Frequently Asked Questions
International Credit Mobility
Higher Education Institutions (HEIs)

59. What is the level of involvement of a HEI from a
    Partner Country in securing health insurance for the
    incoming/out-going students/staff?
It is up to the higher education institution from the Partner Country to decide what
the needs are in terms of insurance, which vary from country to country. The
European Commission does not provide any central insurance scheme.

60. Who from the Programme and Partner Country HEI
    will report on the mobility?
The Programme Country higher education institution is responsible for reporting all
the mobility flows in the Mobility Tool+, as it is the institution that manages the
funds on behalf of the partnership.

61. Do students from Partner Countries have to fill out the
    participant report?
Yes, in order to report on their mobility period students from Partner Countries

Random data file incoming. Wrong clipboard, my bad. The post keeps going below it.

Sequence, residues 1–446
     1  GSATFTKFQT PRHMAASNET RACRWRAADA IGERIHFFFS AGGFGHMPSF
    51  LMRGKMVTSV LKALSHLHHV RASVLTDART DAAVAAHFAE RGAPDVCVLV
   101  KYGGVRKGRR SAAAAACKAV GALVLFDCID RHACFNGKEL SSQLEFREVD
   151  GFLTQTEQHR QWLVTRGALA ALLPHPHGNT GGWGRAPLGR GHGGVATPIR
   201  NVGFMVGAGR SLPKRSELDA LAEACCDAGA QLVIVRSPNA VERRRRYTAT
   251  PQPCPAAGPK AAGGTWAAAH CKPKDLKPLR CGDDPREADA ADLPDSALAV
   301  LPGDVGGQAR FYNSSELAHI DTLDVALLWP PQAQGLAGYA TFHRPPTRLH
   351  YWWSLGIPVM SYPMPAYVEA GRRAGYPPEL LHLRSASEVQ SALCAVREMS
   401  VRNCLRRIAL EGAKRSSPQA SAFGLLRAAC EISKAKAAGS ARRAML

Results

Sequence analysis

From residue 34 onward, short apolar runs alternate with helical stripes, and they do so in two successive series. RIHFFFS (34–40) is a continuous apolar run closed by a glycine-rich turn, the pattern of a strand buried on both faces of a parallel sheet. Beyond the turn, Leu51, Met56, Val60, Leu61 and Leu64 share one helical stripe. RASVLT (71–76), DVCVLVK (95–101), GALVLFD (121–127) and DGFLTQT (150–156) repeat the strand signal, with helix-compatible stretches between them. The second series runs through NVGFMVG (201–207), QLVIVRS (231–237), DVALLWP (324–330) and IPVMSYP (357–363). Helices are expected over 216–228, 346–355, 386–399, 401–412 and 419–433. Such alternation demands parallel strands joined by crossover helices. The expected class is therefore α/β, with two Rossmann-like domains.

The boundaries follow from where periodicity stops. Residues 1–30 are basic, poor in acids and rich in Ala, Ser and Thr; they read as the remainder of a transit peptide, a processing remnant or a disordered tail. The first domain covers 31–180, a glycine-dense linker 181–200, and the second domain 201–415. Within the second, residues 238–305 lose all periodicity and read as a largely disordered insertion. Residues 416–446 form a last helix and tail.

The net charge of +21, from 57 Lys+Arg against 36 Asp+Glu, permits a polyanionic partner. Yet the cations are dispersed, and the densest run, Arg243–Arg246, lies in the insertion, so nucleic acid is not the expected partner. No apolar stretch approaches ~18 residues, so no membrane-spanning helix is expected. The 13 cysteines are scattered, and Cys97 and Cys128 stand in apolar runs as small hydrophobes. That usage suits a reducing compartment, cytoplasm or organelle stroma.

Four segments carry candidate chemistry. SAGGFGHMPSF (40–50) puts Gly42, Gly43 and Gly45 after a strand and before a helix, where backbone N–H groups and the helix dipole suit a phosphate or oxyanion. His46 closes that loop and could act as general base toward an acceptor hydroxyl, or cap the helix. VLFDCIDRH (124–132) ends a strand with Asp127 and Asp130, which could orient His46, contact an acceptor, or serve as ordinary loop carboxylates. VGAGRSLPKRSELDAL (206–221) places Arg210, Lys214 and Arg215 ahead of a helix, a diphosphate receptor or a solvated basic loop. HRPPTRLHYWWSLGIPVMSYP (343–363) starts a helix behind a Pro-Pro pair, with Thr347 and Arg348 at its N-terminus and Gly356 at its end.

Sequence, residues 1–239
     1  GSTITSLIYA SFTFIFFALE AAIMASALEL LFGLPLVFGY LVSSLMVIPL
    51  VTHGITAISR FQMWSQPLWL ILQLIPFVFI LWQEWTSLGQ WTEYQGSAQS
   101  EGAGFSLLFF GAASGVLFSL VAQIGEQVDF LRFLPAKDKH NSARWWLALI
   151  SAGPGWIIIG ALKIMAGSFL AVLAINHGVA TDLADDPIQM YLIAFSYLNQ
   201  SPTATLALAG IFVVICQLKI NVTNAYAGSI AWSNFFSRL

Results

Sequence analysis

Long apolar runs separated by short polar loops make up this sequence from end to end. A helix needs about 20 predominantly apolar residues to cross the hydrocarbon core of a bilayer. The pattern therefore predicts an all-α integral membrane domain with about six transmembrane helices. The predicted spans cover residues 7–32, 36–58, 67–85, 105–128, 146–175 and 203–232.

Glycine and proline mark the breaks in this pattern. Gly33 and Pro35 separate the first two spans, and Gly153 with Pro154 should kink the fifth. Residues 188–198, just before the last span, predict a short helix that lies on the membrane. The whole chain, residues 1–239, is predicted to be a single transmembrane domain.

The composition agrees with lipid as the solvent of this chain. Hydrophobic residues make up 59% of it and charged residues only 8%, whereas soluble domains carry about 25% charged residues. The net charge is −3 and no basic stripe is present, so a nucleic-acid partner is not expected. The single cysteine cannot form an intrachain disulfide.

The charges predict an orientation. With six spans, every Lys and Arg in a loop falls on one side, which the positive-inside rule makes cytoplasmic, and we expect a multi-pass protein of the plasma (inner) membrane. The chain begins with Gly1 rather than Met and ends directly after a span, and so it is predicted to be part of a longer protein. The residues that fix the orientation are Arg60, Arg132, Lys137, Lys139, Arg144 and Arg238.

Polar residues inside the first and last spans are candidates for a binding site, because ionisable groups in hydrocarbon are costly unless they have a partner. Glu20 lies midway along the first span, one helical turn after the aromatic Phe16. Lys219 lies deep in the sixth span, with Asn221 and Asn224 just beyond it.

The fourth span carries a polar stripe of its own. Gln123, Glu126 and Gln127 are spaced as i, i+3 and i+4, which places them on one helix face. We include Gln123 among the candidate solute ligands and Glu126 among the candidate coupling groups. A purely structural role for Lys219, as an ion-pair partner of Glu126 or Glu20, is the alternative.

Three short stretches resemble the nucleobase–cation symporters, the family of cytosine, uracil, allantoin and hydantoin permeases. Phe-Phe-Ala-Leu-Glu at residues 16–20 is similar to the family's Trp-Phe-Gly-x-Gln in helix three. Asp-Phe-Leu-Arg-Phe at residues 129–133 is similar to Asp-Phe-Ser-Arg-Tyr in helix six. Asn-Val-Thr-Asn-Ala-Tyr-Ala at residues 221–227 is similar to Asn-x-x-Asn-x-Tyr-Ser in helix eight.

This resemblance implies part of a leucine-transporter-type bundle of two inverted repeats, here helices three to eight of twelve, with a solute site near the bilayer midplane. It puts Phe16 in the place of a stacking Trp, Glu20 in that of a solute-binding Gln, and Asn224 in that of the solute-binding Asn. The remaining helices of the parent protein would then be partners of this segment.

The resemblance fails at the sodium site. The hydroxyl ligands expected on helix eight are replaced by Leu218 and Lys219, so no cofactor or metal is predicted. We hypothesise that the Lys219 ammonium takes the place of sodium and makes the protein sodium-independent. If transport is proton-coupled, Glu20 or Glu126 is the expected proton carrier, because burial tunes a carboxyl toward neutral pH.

need to fill out the participant report through the EU-survey tool. The payment of
the grant follows the same rules as for intra-European mobility.

62. Can a participant go on mobility to a branch campus of
    his/her home institution located in a Partner Country?
No, the Erasmus+ programme does not fund mobilities between branch campuses
of the same higher education institution, regardless of where they are located (in
Europe or beyond).

However, participants from branch campuses are eligible for international credit
mobility as long as they respect the following two criteria: They cannot carry out
mobility activities

    1) in the country of the sending institution, or
    2) in the country where they have their accommodation during their studies
       (see p.38 of the Erasmus+ Programme Guide).

These conditions apply to all Erasmus+ participants. In the case of branch
campuses, the country of the sending institution is the country where the parent
institution is located. The country of accommodation would (in most cases) be the
country where the branch campus is located.

January 2015                                                                22
You can also read
NEXT SLIDES ... Cancel